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Yellowstone and the Biology of Time:…

Yellowstone and the Biology of Time: Photographs Across a Century

by Mary Meagher

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Comparative photography books can be fascinating if you have any interest in the area they are comparing. For example, one of the finest of these I ever saw was comparing photos taken by William Powell during his initial explorations of the Colorado (including the Grand Canyon) with their modern condition. (Of course, this meant skipping virtually all of the pictures taken of areas now under Lake Powell – somewhat ironic, don’t you think?) And the comparative photos of cities are always fascinating to those who have lived in them. However, there is an interesting thing about these books that never really occurred to me until I read this one. If there is little change (shy of movement of a few shrubberies) then, after a few photos, it all becomes a bit redundant, where the only fun is trying to determine if they really nailed the spot of the original photograph. And, that is the inherent problem with this book – so little change over 100 years. On the one hand, it is heartening to see that there is probably less overall change in Yellowstone than one might have suspected. On the other hand (and this is the hand that probably holds the wallet and shells out money to purchase the book), with little change, you are effectively buying a book that has three almost identical copies of black-and-white photos of Yellowstone.

Now, I’ll be honest – I really bought it for the pictures of the thermal areas, and there are a few. Interesting, even these have not changed as much as one might suspect. (And I suspect that the changes shown for Mammoth Hot Springs are the result more of different camera angles than actual changes. Though, I am not an expert and it is unfair of me to make this judgment, and I have to assume they knew what they were doing when they put the photos together. But, I wonder….) And, as I noted above, this will be an interesting book to those who have an interest in Yellowstone. (For me, just because of my personal interests, the photo showing the Fountain Hotel in amongst the geysers of the Lower Geyser Basin was almost worth the price of admission itself.)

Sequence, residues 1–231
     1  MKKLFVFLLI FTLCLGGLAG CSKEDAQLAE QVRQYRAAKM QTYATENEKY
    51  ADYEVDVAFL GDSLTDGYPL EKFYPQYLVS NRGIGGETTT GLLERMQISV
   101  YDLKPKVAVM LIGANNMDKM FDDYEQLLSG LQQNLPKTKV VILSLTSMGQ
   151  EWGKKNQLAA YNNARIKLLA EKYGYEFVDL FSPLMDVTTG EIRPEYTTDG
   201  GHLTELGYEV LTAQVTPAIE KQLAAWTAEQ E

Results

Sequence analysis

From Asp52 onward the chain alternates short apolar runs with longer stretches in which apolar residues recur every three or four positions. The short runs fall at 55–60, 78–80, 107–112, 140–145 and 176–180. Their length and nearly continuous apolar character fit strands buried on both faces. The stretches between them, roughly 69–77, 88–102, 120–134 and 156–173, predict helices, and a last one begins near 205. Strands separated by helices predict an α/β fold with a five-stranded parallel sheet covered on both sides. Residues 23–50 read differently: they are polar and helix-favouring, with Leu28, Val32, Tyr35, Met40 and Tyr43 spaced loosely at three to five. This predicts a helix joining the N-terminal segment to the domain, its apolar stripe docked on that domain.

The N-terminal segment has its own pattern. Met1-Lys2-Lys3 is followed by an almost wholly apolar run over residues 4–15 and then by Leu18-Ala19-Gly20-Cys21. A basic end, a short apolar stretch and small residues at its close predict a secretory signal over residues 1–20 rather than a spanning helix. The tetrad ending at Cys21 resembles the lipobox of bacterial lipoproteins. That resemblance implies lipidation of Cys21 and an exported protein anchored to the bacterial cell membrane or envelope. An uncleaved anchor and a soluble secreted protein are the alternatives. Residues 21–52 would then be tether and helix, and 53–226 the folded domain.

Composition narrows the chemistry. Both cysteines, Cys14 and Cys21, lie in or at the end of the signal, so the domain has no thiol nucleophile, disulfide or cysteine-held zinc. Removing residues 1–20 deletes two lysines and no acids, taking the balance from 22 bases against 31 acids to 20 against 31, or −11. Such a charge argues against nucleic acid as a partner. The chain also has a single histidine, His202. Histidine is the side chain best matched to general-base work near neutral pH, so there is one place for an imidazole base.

The writing included here (essays on geology, climate, biology, grazing dynamics, and human presence) is fine, and explore the subjects appropriately for the length of the articles and the real purpose of the book. But that real purpose is the pictures. And, while they are nice, and while the comparative studies completed with them are nice, it all adds up to, only, a nice book. ( )
  figre | Oct 5, 2007 |
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Amazon.com Amazon.com Review (ISBN 0806130067, Paperback)

After the vast plateau called Yellowstone became a national park in 1872, dozens of federally sponsored scientists entered the area to record details of the region's natural history and ecology. As part of that project, photographers made hundreds of images of the park's most significant features. Research scientists Meagher and Houston have studied these photographs from the 1870s and 1880s and then rephotographed the same scenes, first in the 1970s, then after the great fires of 1988, and then again in the mid-1990s. The resulting sequences of photographs offer a detailed record of ecological change in the park. At the time of the first survey, for instance, the region was seeded with native grasses and only lightly grazed by cattle; in later years, cattle grazing had caused the removal of those native grasses, which were supplanted by nonnative vegetation, including many grasses brought in from Central Asia. (One series of views taken near the park's north entrance at Gardiner, Montana, shows a marked decline, for instance, in sagebrush but an increase in Douglas fir.) Meagher and Houston offer interesting asides throughout on the natural and human history of Yellowstone; for example, they note that meat was transported to the hotels scattered through the national park in metal-sheathed wagons to protect it from marauding bears. As the views show, some things never change: then, as now, Yellowstone was rich in those bears, and in antelope, elk, bison, moose, and other large species. --Gregory McNamee

(retrieved from Amazon Thu, 12 Mar 2015 18:22:23 -0400)

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